NEW DELHI (Dow Jones Newswires), Aug. 25, 2011
Oil & Natural Gas Corp. (ONGC) plans to aggressively bid for oil and gas assets overseas in upcoming auctions as part of its strategy to more than double oil production abroad to 20 million tons a year by 2020, the chairman of India's flagship explorer said.
ONGC plans to work with other Indian state-run oil and gas companies through its overseas investment arm ONGC Videsh Ltd., or OVL, to bid for assets overseas, A.K. Hazarika told Dow Jones Newswires in an interview late Wednesday.
"Ours is an import-dependent country and we need energy," Hazarika said. "Although, all the companies can go out and bid, we shouldn't be competing against each other. So we will form joint ventures."
India's state-run companies have lagged behind those from bigger Asian rival China in acquiring energy assets overseas.
OVL's last big acquisition was Russia-focused Imperial Energy in January 2009, which it bought for $2.12 billion.
The federal government is now considering creating a sovereign fund focused on resource asset acquisition overseas to seek energy sources for the world's second-fastest growing major economy.
OVL has been shortlisted to bid in Iraq's forthcoming auction round, Hazarika said, adding his company will form a consortium for bidding.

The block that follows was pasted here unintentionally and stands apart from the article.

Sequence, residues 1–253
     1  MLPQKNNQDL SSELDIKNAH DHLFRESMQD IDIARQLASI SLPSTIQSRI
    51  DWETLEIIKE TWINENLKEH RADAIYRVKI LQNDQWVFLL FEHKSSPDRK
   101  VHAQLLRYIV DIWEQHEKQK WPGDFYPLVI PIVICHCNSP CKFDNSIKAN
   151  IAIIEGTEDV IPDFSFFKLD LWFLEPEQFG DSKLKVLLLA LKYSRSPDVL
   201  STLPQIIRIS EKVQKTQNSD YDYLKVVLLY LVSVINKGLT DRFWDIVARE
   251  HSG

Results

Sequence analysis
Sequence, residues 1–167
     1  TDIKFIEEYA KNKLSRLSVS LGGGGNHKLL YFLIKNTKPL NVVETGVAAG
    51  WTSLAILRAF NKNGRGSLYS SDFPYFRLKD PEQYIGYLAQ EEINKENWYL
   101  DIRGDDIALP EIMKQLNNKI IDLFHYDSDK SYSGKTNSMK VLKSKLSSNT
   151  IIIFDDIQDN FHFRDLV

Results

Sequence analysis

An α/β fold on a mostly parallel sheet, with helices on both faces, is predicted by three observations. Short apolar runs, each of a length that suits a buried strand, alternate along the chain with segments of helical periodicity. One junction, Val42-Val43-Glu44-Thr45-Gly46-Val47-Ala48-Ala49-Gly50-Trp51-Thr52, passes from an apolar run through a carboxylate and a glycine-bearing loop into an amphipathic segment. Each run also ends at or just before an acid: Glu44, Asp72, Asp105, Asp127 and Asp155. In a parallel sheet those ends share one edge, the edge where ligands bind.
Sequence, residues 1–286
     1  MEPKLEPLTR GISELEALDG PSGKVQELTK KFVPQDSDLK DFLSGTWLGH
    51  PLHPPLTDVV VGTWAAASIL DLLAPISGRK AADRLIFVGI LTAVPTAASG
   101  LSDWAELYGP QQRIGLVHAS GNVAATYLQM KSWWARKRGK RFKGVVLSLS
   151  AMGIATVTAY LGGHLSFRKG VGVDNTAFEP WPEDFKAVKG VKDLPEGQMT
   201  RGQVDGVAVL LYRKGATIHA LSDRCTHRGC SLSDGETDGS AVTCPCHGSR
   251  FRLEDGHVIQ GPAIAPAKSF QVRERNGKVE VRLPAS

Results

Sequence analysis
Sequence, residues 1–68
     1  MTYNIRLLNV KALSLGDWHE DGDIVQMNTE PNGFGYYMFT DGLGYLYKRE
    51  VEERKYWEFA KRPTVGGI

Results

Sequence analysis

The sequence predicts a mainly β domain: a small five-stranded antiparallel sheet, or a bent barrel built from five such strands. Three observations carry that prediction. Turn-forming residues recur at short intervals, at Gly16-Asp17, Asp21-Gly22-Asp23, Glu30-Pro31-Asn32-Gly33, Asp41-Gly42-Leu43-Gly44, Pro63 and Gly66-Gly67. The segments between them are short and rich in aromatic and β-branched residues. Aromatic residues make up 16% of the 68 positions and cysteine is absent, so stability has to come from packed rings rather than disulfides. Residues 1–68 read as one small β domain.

Iraq is offering 12 exploration blocks in its fourth licensing round, which will take place in January.
He said OVL will also be interested in forthcoming auctions in Brazil and Oman.
Early next year, Brazil is expected to hold the 11th bid round for exploration and production blocks in onshore and offshore basins.
OVL has stakes in one producing block and half a dozen exploratory blocks in Brazil.
Oman is expected to offer about five oil and gas blocks in a new exploration licensing round.
"ONGC will look into the properties and take a call based on due diligence," Hazarika said.
He said OVL, which produced 9.43 million tons of oil and oil equivalent gas in the year ended March 31, has invested INR560 billion ($12 billion) so far in overseas assets.
"Money is not a constraint for us as OVL can easily borrow from the market," Hazarika said. He didn't give details about the company's overseas investment plans.
He said OVL also expects to resume exploratory activities in Libya and explore more investment opportunities once normalcy returns in the African country.
OVL declared force majeure and suspended operations in February in an offshore exploration block in Libya, citing political unrest.
Oil companies active in Libya before the civil war began gearing up for the challenge of resuming operations in the country Monday as rebel forces moved closer to taking over Tripoli.
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